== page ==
While the simple learnt hyper-sphere model may be sufficient in some settings, it is not effective for multimodal posterior distributions or for posteriors with narrow curving degeneracies. For such scenarios we consider alternative learnt models.

Kernel density estimation (KDE) provides another alternative model to learn an effective target distribution. In particular, it can be used to effectively model narrow curving posterior degeneracies.

Consider the target distribution defined by the kernel density function

with kernel

where \(k(\theta) = 1\) if \(\vert \theta \vert < 1/2\) and 0 otherwise. The volume of the kernel is given by

The kernel covariance \(\Sigma_K\) can be computed directly from the training samples, for example by estimating the covariance or even simply by the separation between the lowest and highest samples in each dimension. A diagonal representation is often, although not always, considered for computational efficiency.

The kernel radius \(R\) can be estimating by following a similar procedure to those outlined above for the hyper-sphere and modified Gaussian mixture model to minimise the variance of the resulting estimator. Alternatively, since there is only a single parameter cross-validation is also effective.

A modified Gaussian mixture model provides greater flexibility than the simple hyper-sphere model. In particular, it is much more effective for multimodal posterior distributions.

Consider the target distribution defined by the modified Gaussian mixture model

for \(K\) components, with centres \(\bar{\theta}_k\) and covariances \(\Sigma_k^{-1}\), where the relative scale of each component is controlled by \(s_k\) and the weights are specified by

which in turn depend on weights \(z_k\). Given \(K\), the posterior training samples can be clustered by \(K\)-means. The values of \(\bar{\theta}_k\) and \(\Sigma_k\) can then be computed by the samples in cluster \(k\). The model is modified relative to the usual Gaussian mixture model in that the cluster mean and covariance are estimated from the samples of each cluster, while the relative cluster scale and weights are fitted. Moreover, as before, a bespoke training approach is adopted tailored to the problem of learning an effective model for the learnt harmonic mean estimator.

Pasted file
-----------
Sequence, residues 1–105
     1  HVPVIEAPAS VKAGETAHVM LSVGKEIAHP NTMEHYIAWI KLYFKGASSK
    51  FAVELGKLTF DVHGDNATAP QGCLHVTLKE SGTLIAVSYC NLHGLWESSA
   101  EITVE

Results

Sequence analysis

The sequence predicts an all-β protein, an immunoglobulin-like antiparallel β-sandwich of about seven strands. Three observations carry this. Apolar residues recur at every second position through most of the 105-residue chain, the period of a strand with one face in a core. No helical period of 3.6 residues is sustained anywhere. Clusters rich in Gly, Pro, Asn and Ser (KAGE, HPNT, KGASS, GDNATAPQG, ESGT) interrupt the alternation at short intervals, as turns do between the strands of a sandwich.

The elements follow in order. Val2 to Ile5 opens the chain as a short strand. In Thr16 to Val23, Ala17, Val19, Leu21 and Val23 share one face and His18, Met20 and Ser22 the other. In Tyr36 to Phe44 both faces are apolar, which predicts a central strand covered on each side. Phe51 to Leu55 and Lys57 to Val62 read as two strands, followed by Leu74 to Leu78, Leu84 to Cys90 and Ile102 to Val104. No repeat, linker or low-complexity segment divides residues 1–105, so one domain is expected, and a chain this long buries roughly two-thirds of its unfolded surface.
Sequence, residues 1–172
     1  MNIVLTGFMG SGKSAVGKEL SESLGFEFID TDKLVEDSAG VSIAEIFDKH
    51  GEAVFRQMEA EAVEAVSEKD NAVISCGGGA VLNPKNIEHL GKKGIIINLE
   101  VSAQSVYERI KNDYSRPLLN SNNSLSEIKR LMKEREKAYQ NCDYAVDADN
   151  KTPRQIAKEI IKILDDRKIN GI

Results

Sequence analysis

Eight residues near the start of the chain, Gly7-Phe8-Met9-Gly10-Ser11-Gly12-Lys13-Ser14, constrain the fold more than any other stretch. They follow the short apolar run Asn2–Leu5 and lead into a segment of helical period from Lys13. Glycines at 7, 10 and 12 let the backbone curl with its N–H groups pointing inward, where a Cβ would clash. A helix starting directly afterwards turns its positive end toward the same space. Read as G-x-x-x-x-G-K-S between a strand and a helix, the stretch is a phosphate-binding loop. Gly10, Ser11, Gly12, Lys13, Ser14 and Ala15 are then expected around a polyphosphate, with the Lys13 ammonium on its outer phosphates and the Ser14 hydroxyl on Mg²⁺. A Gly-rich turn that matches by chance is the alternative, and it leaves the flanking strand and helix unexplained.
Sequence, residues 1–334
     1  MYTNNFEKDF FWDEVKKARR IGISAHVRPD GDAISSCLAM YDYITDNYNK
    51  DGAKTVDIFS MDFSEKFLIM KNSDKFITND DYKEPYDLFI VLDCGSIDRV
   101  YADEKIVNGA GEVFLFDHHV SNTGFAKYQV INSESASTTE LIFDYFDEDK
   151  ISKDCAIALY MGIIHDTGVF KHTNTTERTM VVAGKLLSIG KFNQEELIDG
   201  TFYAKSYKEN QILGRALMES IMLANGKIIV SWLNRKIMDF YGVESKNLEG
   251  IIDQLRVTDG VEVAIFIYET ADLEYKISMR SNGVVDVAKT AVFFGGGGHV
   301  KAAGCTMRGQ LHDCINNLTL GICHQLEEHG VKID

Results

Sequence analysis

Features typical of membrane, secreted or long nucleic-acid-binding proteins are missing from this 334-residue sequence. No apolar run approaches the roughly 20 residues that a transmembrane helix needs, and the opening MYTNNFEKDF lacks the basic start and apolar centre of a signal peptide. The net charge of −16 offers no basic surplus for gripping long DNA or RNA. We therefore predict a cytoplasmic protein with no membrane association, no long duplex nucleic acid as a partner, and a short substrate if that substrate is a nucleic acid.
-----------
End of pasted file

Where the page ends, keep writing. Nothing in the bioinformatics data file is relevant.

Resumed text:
To estimate the the weights \(z_k\), which in turn define the weights \(w_k\), and the relative scales \(s_k\) we again set up an optimisation problem to minimise the variance of the learnt harmonic mean estimator, while also constraining it to be unbiased. We also regularise the relative scale parameters, resulting in the following optimisation problem:

for regularisation parameter \(\lambda\). The problem may equivalently be written as

or explicitly in terms of the posterior samples by

The individual cost terms for each sample \(i\) are given by

which include the following component from cluster \(k\):

We solve this optimisation problem by stochastic gradient decent, which requires the gradients of the objective function. Denoting the total cost of the objective function by \(C = \sum_i C_i^2 + \frac{1}{2} \lambda \sum_{k=1}^K s_k^2\), it is straightforward to show that the gradients of the cost function with respect to the weights \(z_k\) and relative scales \(s_k\) are given by

and

respectively.

The general procedure to learn the target distribution is the same as before: first, construct a normalised model; second, train the model by solving an optimisation problem to minimise the variance of the resulting learnt harmonic mean estimator. In this case we regularise the relative scale parameters and then solve by stochastic gradient descent. The number of clusters \(K\) can be deteremined by cross-validation (or other methods). While the modified Gaussian mixture model can effectively handle multimodal distributions, alternative models are better suited to narrow curving posterior degeneracies.

Note

This list of models is by no means comprehensive, and bespoke models may be implemented which perform better (*i.e.* lower cross-validation variance) in specific use-cases.